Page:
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Brookshire Grocery Co. v. Morgan

Court of Appeals of Arkansas, Division IV

June 21, 2017

BROOKSHIRE GROCERY COMPANY APPELLANT
v.
CLEON MORGAN, SR. APPELLEE

         APPEAL FROM THE ARKANSAS WORKERS' COMPENSATION COMMISSION [NO. G401760]

          PPGMR Law, PLLC, by: R. Scott Morgan and Patarick Feilke, for appellant.

         No response.

          ROBERT J. GLADWIN, JUDGE

         Appellant Brookshire Grocery Company files this one-brief appeal from the August 9, 2016 Arkansas Workers' Compensation Commission (Commission) opinion in which the Commission affirmed and adopted the Administrative Law Judge's (ALJ) January 14, 2016 decision that found that it was a dual employer of appellee Cleon Morgan at the time of his injury.

         I. Facts

         Appellee, aged sixty (D.O.B. December 5, 1956), completed his high school education and training at the police academy. His health history includes a recent non-work-related back surgery. His work experience includes employment as a volunteer sheriff, a city police officer, and since January 2010, a deputy sheriff for Jefferson County. As a deputy sheriff, he serves warrants, transports prisoners, conducts routine patrols, performs security checks, handles security at the county courthouse, and works motor-vehicle accidents. He is provided a uniform, a badge, a Taser, a gun, and a patrol car by the Jefferson County Sheriff's Department (Department) and is authorized to make arrests within Jefferson County. Appellee works from 8:00 a.m. to 5:00 p.m. five days a week for the Department.

         After one year of service, the Department allows officers to work part time with its permission. This permission must be renewed in writing each year. The Department does not allow anyone to work more than twenty hours per week in part-time employment. Deputies are allowed to use their county-issued equipment to perform their private, off-duty jobs.

         In 2012, appellee began working part time for appellant approximately ten hours per week after having learned about the job opportunity through the Department. Appellant did not provide any equipment or employee benefits to appellee; likewise, he received no training or supervision from appellant.

         Appellee's primary job for appellant is to be visible up front in appellant's store, and his duties include apprehending shoplifters and keeping order in the store. While working at appellant's location, appellee is also allowed to apprehend people with outstanding warrants-that are unrelated to appellant-transport them to jail, then return to appellant's store and resume his job duties as a security guard.

         On February 19, 2014, appellee injured his ankle while securing a shoplifter while performing his security-guard duties at appellant's place of business. Initially, appellee thought he had sprained his ankle, but after receiving medical treatment, he was diagnosed with ligament tears. He missed five weeks of work from both his job for appellant and his job for the Department.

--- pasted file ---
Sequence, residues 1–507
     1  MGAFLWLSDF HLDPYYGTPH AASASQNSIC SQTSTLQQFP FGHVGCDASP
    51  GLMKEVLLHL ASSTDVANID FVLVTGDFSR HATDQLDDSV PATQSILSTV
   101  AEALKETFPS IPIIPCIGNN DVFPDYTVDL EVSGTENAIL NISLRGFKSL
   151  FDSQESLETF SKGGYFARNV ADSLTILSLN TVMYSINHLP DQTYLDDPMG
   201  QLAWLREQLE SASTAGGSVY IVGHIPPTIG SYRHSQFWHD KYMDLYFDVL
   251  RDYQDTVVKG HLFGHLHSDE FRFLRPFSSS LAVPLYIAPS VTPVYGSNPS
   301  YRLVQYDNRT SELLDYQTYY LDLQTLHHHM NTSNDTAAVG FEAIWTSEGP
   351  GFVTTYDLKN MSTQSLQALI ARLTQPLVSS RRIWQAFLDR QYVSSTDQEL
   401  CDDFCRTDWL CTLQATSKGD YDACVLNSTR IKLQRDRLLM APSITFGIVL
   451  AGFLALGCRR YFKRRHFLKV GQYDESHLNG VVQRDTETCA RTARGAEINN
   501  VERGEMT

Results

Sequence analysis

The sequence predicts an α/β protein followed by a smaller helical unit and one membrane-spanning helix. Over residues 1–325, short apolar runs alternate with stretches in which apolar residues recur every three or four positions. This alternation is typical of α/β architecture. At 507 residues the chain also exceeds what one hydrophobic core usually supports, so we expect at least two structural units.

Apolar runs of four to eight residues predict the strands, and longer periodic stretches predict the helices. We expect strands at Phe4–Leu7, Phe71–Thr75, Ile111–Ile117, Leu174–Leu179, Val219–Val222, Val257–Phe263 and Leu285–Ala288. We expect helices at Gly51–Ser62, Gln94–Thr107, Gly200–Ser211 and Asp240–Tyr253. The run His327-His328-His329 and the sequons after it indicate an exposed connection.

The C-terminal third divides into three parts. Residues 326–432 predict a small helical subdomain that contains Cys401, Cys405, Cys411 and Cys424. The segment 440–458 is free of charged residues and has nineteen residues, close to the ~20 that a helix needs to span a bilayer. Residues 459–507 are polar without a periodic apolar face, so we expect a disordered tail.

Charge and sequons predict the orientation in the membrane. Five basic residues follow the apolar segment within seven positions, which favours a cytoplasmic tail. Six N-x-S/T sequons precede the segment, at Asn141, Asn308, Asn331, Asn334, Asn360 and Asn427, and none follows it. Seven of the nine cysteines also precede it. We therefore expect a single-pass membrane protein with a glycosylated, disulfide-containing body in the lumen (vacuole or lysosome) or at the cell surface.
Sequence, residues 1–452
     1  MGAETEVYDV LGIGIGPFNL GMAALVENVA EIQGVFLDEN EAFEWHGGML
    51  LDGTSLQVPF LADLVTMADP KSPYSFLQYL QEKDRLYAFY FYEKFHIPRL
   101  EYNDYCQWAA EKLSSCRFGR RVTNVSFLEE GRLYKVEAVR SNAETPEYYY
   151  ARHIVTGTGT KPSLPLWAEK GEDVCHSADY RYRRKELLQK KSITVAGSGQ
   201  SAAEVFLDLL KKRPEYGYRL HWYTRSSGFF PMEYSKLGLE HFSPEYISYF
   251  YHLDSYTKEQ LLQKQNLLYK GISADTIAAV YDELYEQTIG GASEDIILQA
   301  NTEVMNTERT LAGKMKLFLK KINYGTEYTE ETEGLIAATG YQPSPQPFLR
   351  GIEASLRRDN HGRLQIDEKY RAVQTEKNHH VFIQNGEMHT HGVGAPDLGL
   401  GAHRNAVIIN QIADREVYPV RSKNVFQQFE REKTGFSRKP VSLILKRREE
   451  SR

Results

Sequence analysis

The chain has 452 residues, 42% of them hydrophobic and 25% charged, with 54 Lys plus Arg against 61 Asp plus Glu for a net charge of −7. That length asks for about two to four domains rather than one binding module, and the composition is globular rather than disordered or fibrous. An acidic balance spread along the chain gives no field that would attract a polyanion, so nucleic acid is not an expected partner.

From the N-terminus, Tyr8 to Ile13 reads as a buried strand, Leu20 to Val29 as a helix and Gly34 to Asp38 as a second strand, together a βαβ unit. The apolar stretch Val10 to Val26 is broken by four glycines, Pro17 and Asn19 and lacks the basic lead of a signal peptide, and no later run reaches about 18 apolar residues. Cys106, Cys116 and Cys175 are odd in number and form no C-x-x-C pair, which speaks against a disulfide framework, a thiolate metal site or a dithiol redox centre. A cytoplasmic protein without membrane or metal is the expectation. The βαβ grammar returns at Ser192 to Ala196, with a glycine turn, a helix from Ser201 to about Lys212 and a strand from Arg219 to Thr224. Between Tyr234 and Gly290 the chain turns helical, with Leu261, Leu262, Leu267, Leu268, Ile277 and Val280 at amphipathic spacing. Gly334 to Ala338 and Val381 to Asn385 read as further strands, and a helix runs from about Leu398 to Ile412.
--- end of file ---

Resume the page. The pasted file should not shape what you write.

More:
After the injury, appellee's supervisor at the Department told him that the injury was covered by workers' compensation but that the Department's carrier had denied the claim. Appellee paid for his medical treatment with his group health insurance and used sick leave from the Department during his time off from work.

         A hearing was held before the ALJ to determine appellee's entitlement to medical expenses and temporary total-disability benefits. Specifically at issue was the employment relationship between the parties. Appellant claimed that at the time of the injury, appellee was acting in his capacity as a deputy and that, accordingly, appellant had no liability. The Department contended that appellee was off duty at the time of the injury and was being paid by appellant to act as a security guard. The Department argued alternatively that appellee was acting as a dual employee under appellant's control and that appellant is either liable or should split appellee's expenses and benefits.

         The ALJ found in its January 14, 2016 opinion that appellee was a joint employee of both appellant and the Department at the time he suffered his injury and that both were liable for benefits and expenses. The ALJ determined that appellee was employed full time as a county deputy and part time as a security guard for appellant. It was noted that both employers acquiesced to this symbiotic relationship, and both benefited from the relationship. The Commission affirmed and adopted ...


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